One of my favorite parts of my job is getting to meet people from all over the world, and I especially love it when we get to host them at Voxy Headquarters in NYC. Today, we were honored to have a delegation from the South Korean Ministry of Education. This group was comprised of educators, ministry officials, school system administrators, and research fellows collaborating to build an online, open secondary school. They are in the United States visiting researchers and organizations focused on delivering high-quality online education, and it was a treat to host a workshop for the delegation on how to use technology to improve learning outcomes.
The key message of my talk was that online instruction works best when technology is used to solve a real problem. In the case of language learning, that means individualizing instruction, offering authentic experiences, and connecting fluent speakers with language learners. We know from significant empirical research that these techniques improve language learning outcomes, but they are difficult (if not impossible) to employ in traditional, face-to-face settings without the aid of technology.
In general, we know that learning is not a one-size-fits all process, and if we can leverage technology to let learners work at their own pace, get the help they need when they need it, and access tools and resources to improve their understanding, we are going to be building courses that improve upon their face-to-face counterparts.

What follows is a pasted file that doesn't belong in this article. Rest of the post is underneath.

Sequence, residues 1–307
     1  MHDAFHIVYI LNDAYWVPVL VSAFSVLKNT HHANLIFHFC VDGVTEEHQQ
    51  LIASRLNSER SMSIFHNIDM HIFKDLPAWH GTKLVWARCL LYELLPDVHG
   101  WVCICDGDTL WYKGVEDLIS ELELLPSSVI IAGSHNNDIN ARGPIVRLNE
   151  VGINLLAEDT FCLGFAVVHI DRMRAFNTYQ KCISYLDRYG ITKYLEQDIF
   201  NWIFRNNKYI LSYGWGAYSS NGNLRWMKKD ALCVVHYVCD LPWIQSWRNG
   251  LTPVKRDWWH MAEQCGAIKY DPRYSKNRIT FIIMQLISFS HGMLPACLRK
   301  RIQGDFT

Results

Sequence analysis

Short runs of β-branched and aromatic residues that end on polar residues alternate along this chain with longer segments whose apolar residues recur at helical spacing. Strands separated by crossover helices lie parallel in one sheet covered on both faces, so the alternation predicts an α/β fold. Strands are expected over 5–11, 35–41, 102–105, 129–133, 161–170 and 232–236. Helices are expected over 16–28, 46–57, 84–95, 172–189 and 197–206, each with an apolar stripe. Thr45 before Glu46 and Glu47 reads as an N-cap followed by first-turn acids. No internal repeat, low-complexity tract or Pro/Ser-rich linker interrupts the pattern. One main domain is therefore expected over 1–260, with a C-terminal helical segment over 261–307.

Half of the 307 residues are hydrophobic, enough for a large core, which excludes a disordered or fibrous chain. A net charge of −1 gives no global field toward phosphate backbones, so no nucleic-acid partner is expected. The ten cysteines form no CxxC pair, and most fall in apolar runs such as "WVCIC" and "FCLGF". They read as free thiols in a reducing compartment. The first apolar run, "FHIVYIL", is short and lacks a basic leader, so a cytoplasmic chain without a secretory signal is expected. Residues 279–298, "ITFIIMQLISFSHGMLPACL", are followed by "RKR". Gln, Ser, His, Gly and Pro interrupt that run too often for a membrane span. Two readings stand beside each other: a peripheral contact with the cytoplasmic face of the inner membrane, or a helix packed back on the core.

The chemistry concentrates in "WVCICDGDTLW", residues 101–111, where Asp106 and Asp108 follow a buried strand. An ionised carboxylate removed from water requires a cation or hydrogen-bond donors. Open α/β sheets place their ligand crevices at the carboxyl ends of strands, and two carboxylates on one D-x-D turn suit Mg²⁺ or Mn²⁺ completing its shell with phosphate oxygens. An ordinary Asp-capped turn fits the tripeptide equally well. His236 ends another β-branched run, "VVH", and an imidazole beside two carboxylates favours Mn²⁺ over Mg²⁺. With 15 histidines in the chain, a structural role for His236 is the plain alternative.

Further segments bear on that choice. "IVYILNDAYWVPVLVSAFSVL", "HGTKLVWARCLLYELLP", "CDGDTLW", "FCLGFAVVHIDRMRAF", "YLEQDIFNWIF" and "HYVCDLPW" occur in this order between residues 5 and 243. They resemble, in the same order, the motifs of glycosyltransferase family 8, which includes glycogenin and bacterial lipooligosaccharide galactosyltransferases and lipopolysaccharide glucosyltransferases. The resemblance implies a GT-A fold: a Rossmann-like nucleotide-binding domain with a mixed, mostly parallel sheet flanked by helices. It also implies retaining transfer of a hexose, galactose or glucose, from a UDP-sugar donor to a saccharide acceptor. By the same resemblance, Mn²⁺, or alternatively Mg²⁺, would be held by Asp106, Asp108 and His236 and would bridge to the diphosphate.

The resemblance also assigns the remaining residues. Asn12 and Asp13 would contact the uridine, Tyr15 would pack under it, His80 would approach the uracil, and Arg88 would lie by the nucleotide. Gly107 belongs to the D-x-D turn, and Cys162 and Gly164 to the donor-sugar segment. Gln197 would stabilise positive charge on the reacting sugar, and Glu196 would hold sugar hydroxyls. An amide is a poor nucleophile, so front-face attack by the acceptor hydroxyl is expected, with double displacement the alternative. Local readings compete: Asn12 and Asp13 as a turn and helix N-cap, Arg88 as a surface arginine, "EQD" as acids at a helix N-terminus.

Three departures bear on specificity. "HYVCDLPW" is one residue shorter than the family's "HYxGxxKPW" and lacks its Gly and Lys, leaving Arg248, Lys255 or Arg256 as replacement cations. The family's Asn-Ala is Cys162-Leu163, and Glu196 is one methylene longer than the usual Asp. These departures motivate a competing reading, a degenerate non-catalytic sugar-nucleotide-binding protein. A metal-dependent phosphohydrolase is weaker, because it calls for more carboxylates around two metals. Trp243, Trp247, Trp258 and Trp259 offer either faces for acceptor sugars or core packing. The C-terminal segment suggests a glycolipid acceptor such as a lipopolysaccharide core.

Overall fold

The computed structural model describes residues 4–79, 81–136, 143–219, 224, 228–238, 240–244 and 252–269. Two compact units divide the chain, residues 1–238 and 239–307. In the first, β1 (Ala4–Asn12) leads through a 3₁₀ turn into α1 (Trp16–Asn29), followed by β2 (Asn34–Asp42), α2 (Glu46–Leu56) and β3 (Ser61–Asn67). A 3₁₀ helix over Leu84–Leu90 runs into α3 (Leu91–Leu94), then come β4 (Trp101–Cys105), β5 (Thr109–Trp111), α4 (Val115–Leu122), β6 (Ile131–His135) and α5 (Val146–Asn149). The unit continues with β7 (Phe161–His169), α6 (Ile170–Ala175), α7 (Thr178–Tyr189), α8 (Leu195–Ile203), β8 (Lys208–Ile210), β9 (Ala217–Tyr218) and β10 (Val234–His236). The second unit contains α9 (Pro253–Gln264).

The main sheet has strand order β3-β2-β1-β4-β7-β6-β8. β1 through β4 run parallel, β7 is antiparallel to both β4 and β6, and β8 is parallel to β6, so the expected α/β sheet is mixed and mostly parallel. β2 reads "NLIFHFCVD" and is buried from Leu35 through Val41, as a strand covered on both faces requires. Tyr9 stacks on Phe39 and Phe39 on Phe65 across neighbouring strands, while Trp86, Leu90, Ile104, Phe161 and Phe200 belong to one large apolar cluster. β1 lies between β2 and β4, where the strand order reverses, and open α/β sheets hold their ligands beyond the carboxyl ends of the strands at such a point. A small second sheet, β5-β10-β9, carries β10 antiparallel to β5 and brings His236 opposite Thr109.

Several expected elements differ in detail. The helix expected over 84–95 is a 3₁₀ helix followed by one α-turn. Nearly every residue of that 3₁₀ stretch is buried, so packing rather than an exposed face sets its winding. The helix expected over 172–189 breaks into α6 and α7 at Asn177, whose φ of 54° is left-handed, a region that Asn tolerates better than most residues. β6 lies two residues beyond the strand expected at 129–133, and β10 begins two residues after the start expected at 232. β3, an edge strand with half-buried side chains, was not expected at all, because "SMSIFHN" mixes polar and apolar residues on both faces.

After the presentation today, I had time for Q and A with our visitors, and they wanted to know how to assess learning and what kinds of data to track. These are critical questions when designing online learning experiences, because, ideally, they should be built into the course design. We want to be able to automatically collect the data we will need to demonstrate success, which means we need to know what success will look like before we begin. From the nods of agreement throughout the room, it became clear that that is precisely how the Korean Educational Development Institute is thinking about building this program, which was wonderful to see. I’m excited to see the outcomes of this online initiative when they become available!
Katie is Voxy’s Chief Education Officer, which means she leads the teams ensuring that learners are getting the most efficient and effective educational experience possible. She has a PhD in Second Language Acquisition and years of experience teaching languages, building language courses, and evaluating the effectiveness of language training as a research scientist. She lectures and writes about all things related to language learning and educational technology.